Tuesday, January 10, 2012

Mira grant responds!

The following is the e-mail response I got from Newsflesh trilogy author Mira Grant. You may remember the letter I wrote her on December 21st praising her work at smashing stereotypes. This is her response, arrived today in my e-mail.

Dear Martina;

Thank you so much. This is exactly what I was hoping for. Thank you, thank you, thank you.

And you're right about Maggie and Buffy. It comes up a bit more in book three, but again, it's just "this is what was, this is where we are now," not some huge dramatic brick to the head.

You really made my day.

All the best,

I feel happy and appreciated right now.

Monday, January 9, 2012

Abduction (Book 5 of 150)

I've never read a Robin Cook book before. In fact I've been warned away from him by a friend of mine who knows I have serious issues with the medical industrial complex. Therefore, I downloaded Abduction with the knowledge that might trouble me and also the knowledge that I was empowered to turn it off if I were so inclined.

Imagine my surprise, when what was being read aloud to me was, in fact, a fantasy story of this ocean mining crew and what happens when they get sucked into what is perceived as paradise to most people, especially most heterosexual male people, and yes I mean that the way it sounded.

But all this free love and passivism has a price. When it meant you couldn't go home again? What if it meant the end of family structures as you understood them? What if it meant tolerating things that you were not sure should be tolerated, such as a weird combination of slaves made out of a combining of Neanderthal and machine that still reproduces?

What would you say? What would you do? How far would you go? And what would your hosts do when you stopped playing nice.

I read this book an 8 out 10. It makes you think. It disturbs you. But not as badly as I was expecting. As I am at the end of every good book, I find myself wondering what happened next. I see more Robin Cook in my future.

Sunday, January 8, 2012

The Eagle Heist ( Book 4 of 150)

I like a good mystery every once in a while, even if I'm not the biggest fan of the genre. So I optimistically read The Eagle Heist by Raymond Austin, only to discover that it was one of those books that made this largely unpublished writer angry. If Austin can get a publishing deal why can't I?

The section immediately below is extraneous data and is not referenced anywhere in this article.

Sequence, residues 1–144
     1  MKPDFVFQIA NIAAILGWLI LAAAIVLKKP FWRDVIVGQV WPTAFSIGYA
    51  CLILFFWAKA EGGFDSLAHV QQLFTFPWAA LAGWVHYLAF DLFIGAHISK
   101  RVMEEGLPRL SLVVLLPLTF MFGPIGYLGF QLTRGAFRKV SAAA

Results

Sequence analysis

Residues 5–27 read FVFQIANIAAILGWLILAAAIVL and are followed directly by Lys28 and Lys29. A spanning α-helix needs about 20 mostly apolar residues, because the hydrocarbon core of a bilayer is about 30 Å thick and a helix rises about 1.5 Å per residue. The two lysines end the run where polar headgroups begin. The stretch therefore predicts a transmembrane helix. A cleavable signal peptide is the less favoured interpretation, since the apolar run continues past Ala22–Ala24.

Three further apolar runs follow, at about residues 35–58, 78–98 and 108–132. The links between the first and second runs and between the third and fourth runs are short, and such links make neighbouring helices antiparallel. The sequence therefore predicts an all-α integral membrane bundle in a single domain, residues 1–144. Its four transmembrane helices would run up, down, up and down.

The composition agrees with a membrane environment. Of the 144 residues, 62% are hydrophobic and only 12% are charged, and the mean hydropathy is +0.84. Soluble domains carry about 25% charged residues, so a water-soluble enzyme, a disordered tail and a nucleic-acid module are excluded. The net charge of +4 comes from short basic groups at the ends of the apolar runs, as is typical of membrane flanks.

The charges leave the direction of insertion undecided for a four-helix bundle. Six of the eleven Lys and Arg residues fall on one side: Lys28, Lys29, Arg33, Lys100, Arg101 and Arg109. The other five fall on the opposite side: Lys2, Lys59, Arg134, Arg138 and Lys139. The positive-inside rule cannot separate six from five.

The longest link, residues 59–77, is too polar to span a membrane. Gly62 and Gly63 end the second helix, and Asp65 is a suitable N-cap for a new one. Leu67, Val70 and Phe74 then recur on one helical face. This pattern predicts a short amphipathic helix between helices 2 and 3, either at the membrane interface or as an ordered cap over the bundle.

The plot involves a diamond heist and 3 unsolved murders. As no one can figure out what happened, one of the victims mother’s hires a private investigator to help get things on the right foot again. Ex-cop Sloan is who is recommended.

The only good joke in the book, which I thought wasn’t sure if it wanted to be a mystery or a book about the relationship status of a widower, is that the main character looks like Wilford Brimley. The first time this joke was made it was funny. The eighth and after was just old.

If I were writing or editing this book, I would have truncated the first 6 chapters. It made almost no sense. I had no clue about the ending and I’m usually pretty good at solving it. But there were no clues to even grasp.

I ordered the second book in the series, only because I hope it gets better. It can’t get much worse. I rate this book a 2 out of 10. I hope this is the worst book I read in 2012.

Thursday, January 5, 2012

Freedom's Landing (book 3 of 150)

As many books by men as I've been reading in the early goings on of this 2012 reading challenge, it was a nice change to read Anne McCaffrey's Freedom's Landing, which had a female protagonist who wasn't at all pathetic or damsel in distress oriented. I'm going to order the next four books in the series.

One of the reasons I like science fiction, and have since I was a kid, is that women are not always pathetic as is true in so much popular fiction. Kristen Bjornsen, Kris to everyone, starts off as a typical American college student forced into the situation of becoming an escaped slave when Earth is taken over by the Catteni and she is transported to another planet, with no idea what happened to the people she loved.